Jul-07 107.2 130.2 122.9 107.8 123.7 104.5 105.3
Jul-08 121.6 142.9 134.5 187.5 141.0 128.4 108.3
Jul-09 143.4 173.8 141.4 107.0 150.4 107.0 110.0
Jul-10 138.5 158.9 137.0 137.1 143.6 119.2 112.9
Jul-11 143.1 164.5 139.0 171.8 150.4 133.1 115.8
Oct-11 150.9 191.0 152.1 168.8 167.6 132.7 116.6
Jun-12 145.5 186.0 146.7 159.7 162.2 128.3 118.5
Percentage change Jul-10 to Jul-11 3.3% 3.5% 1.5% 25.3% 4.7% 11.7% 2.6%
Percentage change Jul-10 to Oct-11 9.0% 20.2% 11.0% 23.1% 16.7% 11.3% 3.3%
Percentage change Jul-11 to Jul-12 1.7% 13.1% 5.5% -7.0% 7.8% -3.6% 2.3%

Source: DEC QEP 2.1.3

6.8 Fuel Poverty

184. The concept of fuel poverty used in this report is based on a theoretical calculation of how much it would cost to heat a dwelling according to a specified regime (See footnotes 16, 17 and 18). It does not utilise information on how much a household actually spends on fuel. In reality households may choose to heat their dwellings in a different manner to that assumed in the model.

6.9 The Tolerable Standard

185. The Tolerable Standard[44] is the minimum condition required by Scottish Law for a dwelling to be habitable. It was introduced in the 1969 Housing (Scotland) Act and was updated in the 1987, 2001 and 2006 Acts.

186. The Tolerable Standard definition was amended by the Housing (Scotland) Act 2006 to include additional criteria.[45] As the amendment was not implemented until April 2009 (3 months into the 2009 SHCS fieldwork period), the 2010 report presented the first results based on the amended standard.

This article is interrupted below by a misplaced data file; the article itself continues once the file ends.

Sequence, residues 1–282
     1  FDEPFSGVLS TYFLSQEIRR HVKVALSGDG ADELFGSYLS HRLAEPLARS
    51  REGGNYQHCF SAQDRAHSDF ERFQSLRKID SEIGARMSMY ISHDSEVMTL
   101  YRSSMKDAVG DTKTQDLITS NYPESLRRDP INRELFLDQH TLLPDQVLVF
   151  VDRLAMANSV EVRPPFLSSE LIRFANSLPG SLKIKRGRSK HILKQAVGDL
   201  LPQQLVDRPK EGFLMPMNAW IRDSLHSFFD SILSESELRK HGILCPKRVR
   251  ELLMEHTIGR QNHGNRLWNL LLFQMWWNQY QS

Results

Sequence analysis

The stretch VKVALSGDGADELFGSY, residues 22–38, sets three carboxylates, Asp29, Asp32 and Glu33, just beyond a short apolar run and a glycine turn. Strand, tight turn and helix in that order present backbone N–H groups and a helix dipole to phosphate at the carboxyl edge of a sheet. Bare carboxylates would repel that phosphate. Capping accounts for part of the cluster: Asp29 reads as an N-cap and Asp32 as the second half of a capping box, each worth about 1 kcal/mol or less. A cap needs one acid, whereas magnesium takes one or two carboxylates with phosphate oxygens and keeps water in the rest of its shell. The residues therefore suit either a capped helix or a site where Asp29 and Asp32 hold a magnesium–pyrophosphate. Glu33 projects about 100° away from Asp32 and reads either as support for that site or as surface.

A house meets the tolerable standard if it:

• is structurally stable;
• is substantially free from rising or penetrating damp;
• has satisfactory provision for natural and artificial lighting, for ventilation and for heating;
• has satisfactory thermal insulation;
• has an adequate piped supply of wholesome water available within the house;
• has a sink provided with a satisfactory supply of both hot and cold water within the house;
• has a water closet or waterless closet available for the exclusive use of the occupants of the house and suitably located within the house;
• has a fixed bath or shower and a wash-hand basin, each provided with a satisfactory supply of both hot and cold water and suitably located within the house;
• has an effective system for the drainage and disposal of foul and surface water;
• in the case of a house, has a supply of electricity that complies with the relevant requirements in relation to electrical installations for the purposes of that supply;

- 'the electrical installation' is the electrical wiring and associated components and fittings, but excludes equipment and appliances
- 'the relevant requirements' are that the electrical installation is adequate and safe to use